posted by nadawi at 1:41 PM on January 4, 2014

Best answer: I am a lawyer but this comment is more practical advice. Your friend should report to work on Monday -- get up early and drive. And see what happens, get more information, be polite and professional. If the opportunity is available, explain the difficulties of reporting to work every day given the move, reiterate the offer / prior agreement to telecommute and to come in as needed. No matter what the situation, showing up on Monday will only help your friend's situation or, if it comes to that, case. Not showing up would be considered a "bad fact."

There is a legal theory that could apply, which is called "detrimental reliance." Essentially, if your friend relied upon the promise of telecommuting, and then took steps based on the promise, such as letting go of an apartment, selling a house, buying a house, etc., then there can be some limited contract damages. But whether such a legal theory would apply would depend upon all of the facts so someone would need to hear the whole story to assess and under Washington state contract and employment law.
posted by ClaudiaCenter at 1:51 PM on January 4, 2014 [7 favorites]

I would be willing to bet they want him to come in just so they can fire him, entirely as an inconvenience.

Should he still go? absolutely. Is that an incredibly seattle small business thing to do? totally, i groaned just looking at it.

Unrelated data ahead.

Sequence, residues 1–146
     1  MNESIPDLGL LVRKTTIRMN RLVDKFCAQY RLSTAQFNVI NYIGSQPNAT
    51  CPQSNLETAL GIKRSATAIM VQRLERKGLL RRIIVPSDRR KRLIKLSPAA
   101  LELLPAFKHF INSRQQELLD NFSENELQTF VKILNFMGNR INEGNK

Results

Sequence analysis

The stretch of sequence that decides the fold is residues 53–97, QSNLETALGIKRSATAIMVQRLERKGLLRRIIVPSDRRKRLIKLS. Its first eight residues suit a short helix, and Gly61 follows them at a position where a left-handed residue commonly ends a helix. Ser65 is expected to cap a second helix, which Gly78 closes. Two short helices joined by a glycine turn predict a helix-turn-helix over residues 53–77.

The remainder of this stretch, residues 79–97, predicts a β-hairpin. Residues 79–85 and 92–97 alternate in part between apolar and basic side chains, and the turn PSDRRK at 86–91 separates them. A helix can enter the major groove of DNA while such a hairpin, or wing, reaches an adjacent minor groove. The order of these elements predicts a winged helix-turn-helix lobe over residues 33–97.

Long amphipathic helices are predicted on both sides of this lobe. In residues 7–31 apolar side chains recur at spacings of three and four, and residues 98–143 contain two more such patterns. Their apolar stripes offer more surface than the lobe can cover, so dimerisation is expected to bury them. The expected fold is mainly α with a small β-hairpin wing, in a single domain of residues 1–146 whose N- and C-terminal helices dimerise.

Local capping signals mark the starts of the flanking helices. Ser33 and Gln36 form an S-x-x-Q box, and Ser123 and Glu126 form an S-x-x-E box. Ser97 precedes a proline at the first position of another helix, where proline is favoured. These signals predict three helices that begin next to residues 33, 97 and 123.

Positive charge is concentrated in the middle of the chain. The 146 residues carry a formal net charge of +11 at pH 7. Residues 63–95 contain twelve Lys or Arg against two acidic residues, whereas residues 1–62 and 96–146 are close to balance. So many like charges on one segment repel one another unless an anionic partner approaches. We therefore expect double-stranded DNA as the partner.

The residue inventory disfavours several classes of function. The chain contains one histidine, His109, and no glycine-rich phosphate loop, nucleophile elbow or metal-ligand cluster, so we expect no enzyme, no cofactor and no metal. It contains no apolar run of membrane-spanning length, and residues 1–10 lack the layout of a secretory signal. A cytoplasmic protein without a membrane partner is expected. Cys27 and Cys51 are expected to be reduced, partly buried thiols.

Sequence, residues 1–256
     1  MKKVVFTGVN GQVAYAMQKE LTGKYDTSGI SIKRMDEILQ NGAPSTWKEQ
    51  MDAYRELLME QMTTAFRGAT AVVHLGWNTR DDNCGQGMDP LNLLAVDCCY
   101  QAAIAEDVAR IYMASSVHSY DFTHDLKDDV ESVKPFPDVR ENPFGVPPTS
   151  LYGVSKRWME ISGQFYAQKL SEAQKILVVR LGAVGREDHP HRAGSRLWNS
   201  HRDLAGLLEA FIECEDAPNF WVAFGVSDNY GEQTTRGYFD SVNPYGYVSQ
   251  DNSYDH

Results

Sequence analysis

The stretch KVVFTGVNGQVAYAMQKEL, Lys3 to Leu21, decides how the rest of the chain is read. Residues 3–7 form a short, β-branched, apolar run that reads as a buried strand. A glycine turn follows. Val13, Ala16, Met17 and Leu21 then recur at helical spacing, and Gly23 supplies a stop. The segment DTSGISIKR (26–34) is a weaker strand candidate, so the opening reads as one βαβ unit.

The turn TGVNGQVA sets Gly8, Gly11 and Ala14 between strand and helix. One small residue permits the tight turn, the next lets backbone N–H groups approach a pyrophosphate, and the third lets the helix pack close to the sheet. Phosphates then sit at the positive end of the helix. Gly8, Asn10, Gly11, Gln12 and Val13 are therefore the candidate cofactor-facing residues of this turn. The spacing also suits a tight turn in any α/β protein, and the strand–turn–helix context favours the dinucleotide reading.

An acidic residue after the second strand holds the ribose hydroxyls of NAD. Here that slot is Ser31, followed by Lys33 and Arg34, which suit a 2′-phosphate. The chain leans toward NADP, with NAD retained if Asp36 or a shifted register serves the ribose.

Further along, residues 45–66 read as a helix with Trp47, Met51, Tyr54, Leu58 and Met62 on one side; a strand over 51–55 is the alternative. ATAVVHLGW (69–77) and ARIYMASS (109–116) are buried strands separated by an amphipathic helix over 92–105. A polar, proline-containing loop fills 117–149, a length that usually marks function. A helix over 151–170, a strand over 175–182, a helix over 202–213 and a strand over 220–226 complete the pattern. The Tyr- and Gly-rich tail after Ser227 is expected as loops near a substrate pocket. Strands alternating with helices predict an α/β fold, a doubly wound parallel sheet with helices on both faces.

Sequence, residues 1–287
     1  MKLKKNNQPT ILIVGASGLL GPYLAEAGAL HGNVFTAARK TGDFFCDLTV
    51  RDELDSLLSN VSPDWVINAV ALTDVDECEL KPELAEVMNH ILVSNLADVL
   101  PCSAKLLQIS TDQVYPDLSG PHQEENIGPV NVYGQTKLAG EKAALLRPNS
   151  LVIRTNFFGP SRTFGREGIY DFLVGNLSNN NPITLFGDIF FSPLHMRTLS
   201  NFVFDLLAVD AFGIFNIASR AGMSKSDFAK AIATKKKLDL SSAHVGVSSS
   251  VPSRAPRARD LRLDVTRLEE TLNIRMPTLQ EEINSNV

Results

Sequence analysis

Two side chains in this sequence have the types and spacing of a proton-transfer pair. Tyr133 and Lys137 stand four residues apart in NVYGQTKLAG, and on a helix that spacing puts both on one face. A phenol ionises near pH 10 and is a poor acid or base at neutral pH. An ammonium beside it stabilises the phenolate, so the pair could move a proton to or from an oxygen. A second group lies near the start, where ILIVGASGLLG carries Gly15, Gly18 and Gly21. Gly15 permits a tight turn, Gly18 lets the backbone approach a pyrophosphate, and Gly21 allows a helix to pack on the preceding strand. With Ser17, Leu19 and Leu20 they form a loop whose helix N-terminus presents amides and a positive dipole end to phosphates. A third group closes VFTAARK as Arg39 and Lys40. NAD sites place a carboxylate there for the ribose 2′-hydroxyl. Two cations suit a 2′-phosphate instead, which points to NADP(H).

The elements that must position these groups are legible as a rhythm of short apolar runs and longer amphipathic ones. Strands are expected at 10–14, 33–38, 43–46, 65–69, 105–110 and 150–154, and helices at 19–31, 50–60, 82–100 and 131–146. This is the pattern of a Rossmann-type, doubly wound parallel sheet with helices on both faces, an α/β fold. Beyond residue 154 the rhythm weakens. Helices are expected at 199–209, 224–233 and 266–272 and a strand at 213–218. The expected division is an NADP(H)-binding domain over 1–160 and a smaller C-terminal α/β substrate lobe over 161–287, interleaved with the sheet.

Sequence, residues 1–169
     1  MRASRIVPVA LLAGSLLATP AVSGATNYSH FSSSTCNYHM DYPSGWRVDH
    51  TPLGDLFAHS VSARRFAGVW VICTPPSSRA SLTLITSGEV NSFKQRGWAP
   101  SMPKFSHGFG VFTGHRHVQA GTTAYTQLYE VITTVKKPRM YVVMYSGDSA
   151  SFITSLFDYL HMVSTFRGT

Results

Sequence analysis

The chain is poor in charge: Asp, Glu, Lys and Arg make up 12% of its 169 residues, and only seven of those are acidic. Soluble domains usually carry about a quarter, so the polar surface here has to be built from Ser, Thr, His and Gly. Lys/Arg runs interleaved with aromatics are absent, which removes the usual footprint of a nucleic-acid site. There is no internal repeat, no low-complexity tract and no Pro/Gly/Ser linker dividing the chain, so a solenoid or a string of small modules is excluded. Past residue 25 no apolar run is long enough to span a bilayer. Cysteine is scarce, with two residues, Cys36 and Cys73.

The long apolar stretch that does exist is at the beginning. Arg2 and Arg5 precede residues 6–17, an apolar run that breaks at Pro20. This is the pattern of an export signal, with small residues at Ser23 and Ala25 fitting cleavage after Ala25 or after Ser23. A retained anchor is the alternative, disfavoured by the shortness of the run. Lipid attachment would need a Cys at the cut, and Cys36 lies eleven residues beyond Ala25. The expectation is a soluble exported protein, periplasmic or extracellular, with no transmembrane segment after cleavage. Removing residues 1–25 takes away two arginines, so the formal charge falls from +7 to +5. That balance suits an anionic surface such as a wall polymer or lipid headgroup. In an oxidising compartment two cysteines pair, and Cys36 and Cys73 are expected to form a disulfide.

There really isn't any good answer that doesn't involve going in monday though. Despite this being a stupid power play on the bosses part.
posted by emptythought at 1:55 PM on January 4, 2014

Best answer: I would be willing to bet they want him to come in just so they can fire him, entirely as an inconvenience.

It's not just an inconvenience. If he refuses to go in, it could make the employer's case for dismissal for cause better.
posted by grouse at 2:02 PM on January 4, 2014 [4 favorites]

Best answer: I worked for a company that suddenly told everyone who worked from home in a state in which we didn't have an official office already that they had to relocate to an official office/state or they would be let go. It can be a headache for the employer when it comes to taxes. So the employer may have gotten legal advice after having made his promise which is encouraging him to renege. Regardless, he said he'd go to the office when required and it's clearly required. Monday.
posted by cecic at 2:08 PM on January 4, 2014

Response by poster: Thanks, all. This has helped immensely. Love y'all, and 1 million appreciations. <3
posted by semaphore at 2:24 PM on January 4, 2014